The Importance Of Reading In Jane Austen's Persuasion

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I. Introduction

Jane Austen’s Persuasion contains an abundance of references to reading and literature. Characters often read something, be it a book, a newspaper, a navy list or an advertisement. Examining the episodes in which reading or literary works play a part provides an excellent opportunity to study and interpret the novel from a specific and well-defined point of view.
The first section of this paper explores the representations of reading in the novel. The representation of the characters as readers will be analyzed in the context of contemporary practices and attitudes towards reading in order to broaden our understanding of their personalities. To narrow the focus of the essay, the reading habits of some characters will be discussed in more detail than others. Lady Russell will be the focal point concerning the rising popularity of reading in Jane Austen’s time. The contrast between Sir Walter Elliot and Captain Wentworth will be used to unveil how the novel presents the social changes England was undergoing at the time and to assess the relevance of these issues to the novel.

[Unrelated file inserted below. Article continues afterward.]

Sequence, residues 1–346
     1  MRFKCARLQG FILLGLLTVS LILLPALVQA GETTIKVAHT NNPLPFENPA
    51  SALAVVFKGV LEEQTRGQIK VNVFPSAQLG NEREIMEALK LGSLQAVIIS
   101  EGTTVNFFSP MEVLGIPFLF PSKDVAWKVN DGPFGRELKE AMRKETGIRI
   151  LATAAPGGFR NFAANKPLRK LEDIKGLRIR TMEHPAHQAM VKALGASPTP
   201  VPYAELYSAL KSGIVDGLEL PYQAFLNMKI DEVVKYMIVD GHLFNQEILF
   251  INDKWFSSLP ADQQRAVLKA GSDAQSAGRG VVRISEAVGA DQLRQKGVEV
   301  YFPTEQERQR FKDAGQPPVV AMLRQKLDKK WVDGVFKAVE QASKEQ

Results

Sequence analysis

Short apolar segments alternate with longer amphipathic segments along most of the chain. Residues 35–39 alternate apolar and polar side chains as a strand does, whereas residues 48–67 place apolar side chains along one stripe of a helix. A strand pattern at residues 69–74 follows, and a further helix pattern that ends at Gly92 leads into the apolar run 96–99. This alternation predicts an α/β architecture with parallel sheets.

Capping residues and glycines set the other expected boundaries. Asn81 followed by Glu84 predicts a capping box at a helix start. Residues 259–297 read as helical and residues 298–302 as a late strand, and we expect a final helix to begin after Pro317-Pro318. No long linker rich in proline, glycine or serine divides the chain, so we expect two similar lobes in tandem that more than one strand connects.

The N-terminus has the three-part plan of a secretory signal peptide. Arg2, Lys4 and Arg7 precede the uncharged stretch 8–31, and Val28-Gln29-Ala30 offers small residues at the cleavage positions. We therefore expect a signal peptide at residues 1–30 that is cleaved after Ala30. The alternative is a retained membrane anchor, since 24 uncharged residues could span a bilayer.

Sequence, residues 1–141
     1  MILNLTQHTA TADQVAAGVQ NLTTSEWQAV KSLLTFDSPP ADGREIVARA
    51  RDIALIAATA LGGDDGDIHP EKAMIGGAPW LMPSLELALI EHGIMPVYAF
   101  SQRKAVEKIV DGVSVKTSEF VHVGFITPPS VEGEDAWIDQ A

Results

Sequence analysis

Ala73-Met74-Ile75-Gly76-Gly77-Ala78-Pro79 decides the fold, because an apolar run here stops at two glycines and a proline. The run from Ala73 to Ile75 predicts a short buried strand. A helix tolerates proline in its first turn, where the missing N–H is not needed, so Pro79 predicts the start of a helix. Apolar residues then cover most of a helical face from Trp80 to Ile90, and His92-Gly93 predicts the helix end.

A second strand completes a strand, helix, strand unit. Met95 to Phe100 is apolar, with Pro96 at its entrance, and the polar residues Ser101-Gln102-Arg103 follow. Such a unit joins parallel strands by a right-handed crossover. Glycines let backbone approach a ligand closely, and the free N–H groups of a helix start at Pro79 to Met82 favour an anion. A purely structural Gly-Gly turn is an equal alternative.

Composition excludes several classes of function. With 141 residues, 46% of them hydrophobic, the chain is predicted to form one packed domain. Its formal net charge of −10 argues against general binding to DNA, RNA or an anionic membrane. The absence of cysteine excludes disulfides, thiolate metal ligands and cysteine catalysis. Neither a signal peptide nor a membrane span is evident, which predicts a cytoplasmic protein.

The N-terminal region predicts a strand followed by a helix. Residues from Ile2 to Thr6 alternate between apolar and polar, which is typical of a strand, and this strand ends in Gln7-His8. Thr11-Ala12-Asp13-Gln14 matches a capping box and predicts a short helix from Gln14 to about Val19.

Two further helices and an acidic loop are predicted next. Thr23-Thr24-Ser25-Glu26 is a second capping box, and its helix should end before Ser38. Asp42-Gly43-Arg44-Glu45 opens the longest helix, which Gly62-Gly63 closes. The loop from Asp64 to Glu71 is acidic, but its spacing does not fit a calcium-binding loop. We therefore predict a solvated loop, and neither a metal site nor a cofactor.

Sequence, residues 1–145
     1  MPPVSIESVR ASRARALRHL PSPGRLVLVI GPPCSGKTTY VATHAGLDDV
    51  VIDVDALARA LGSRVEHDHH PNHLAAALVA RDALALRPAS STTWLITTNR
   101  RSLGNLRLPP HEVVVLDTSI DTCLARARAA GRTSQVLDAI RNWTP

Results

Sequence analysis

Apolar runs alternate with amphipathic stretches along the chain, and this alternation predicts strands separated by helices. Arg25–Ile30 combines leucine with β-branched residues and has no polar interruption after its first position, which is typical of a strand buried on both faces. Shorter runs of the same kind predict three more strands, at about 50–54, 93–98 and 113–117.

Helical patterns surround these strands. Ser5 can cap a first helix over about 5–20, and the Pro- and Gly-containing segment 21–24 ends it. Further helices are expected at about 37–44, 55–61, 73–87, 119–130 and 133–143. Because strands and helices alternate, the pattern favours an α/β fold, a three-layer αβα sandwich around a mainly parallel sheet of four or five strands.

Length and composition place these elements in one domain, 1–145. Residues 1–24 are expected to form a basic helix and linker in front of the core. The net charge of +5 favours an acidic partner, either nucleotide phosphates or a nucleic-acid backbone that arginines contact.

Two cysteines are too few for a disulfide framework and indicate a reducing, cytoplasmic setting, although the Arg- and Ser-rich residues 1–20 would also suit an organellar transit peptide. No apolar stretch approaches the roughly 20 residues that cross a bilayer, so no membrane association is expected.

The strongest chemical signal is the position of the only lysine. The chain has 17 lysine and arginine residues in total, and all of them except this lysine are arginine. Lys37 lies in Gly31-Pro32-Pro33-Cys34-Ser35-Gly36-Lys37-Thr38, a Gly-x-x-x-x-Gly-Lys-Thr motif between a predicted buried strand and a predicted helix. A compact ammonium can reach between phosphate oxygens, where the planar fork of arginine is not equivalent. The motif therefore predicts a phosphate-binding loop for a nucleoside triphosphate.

In addition, the effects reading has on the characters will also be discussed; specifically the way issues related to female reading are touched upon in the novel, such as the effects of
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Therefore, even though women wrote literature as well as men, unfavourable and unrealistic female stereotypes were still omnipresent in books. However, Anne’s and Harville’s conversation is not just “an indictment of masculine literary tradition” (Pinch 220), but a reference to the contemporary discussions about women and literature as well (Pinch 221; Richardson 183-4). Moreover, based on the context of their exchange, Anne is clearly addressing her words to Wentworth when she is passionately defending women’s constancy, because she has suspected since their encounter that he still loves her (Austen 154) and has noticed Wentworth has been listening to her debate with Harville (Waldron
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